Stepping out of the limelight

Adam Griffiths

I’m tossing in the flag.

In an effort to not write another column about the demise of celebrity A-listers, I’m doing it again. Sometimes I sit back before I dive into writing one of these scathing diatribes about who got arrested, who’s sleeping with who and who’s staged the best paparazzi moment of the past week. I wonder why on earth we care about this. And then I wonder if we really do care.

And then I get a breaking news alert from CNN:

“A court has ordered pop singer Britney Spears to give up custody of her children effective Wednesday at noon, according to court papers.”

Enough is enough.

As much as I love, love, love Perez Hilton, a full page of stories all about the queen of celebrity trashdom, a.k.a. Britney Spears, is a little excessive. From the initial ruling to remove Spears’ children from her custody, to the revelation that she’s been driving illegally in the state of California since who knows when, to her post-child drop-off tanning visit and Tuesday’s headline in New York’s Daily News, “Unfitney!” – the only thing I was asking myself by the end of all these briefs was, “Why do we care so much?”

When I connected with Alison Sudol of A Fine Frenzy for this week’s feature article about her show next week with Brandi Carlile in Cleveland, she was at Wal-Mart. Sudol was picking up a coffee mug, mouthwash and mayonnaise before catching a plane to the next city on their trip. Carlile told me she had just finished up her series of antibiotics and apologized for being scratchy as she was getting over bronchitis.

Maybe fame goes to fans’ heads more than to celebrities’. On the same note, a lot of people may wish to be famous, and that’s all well and good. Talent agents scour the world, discover the diamonds in the rough and clean them up well enough for a few weeks of intense limelight and public scrutiny. Many fall out of our ever-so-critical eyes, but those who stick – those who stick are nothing less than earthly gods.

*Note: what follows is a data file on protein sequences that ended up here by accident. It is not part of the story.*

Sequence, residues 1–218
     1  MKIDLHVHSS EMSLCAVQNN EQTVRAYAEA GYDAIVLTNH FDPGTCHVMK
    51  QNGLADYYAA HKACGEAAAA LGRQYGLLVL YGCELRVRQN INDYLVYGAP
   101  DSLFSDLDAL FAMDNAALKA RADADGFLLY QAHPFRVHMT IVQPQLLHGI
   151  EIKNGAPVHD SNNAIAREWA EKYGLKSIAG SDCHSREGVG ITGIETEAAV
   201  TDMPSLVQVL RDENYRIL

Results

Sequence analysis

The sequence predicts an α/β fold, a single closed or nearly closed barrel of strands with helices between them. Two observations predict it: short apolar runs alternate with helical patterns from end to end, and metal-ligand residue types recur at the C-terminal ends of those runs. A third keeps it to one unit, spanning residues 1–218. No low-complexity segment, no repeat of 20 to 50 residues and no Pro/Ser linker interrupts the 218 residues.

Example? Lindsay Lohan. Lohan is as tired as the barrage of headlines devoted to her roller coaster life. She didn’t get out of rehab yet, but when she does, you can be sure to expect a media frenzy as ripe as the attention the night that won her the latest trip received.

In September, Elle magazine ran a piece by Holly Millea, a reporter who’s spent more than an intimate moment with the fleeting starlet.

“The most consistent, unconditional love Lohan gets in life has to be from the lens,” Millea writes.

Don’t call me hypocritical. While the Elle article does nearly enough to elicit a lingering gut reaction of pity for a girl who grew up in Hollywood’s spotlight instead of her parent’s attention, it doesn’t do enough. Until we, the audience, casually pass by the headlines of Us Weekly, People, OK! magazines and all the other gossip rags out there, the anecdote that Millea uses to close her profile is the most relevant news in the world.

“By the time I woke up Sunday,” she wrote, “the Sunset Boulevard smashup was all over the news. I checked my e-mail, clicking on the first from a string of messages from friends and colleagues all dying to know the same thing.

“‘Are you still in L.A.?!!’ the e-mail read. ‘Please, please tell me you were in the car with her when she crashed!'”

You know you wish you were.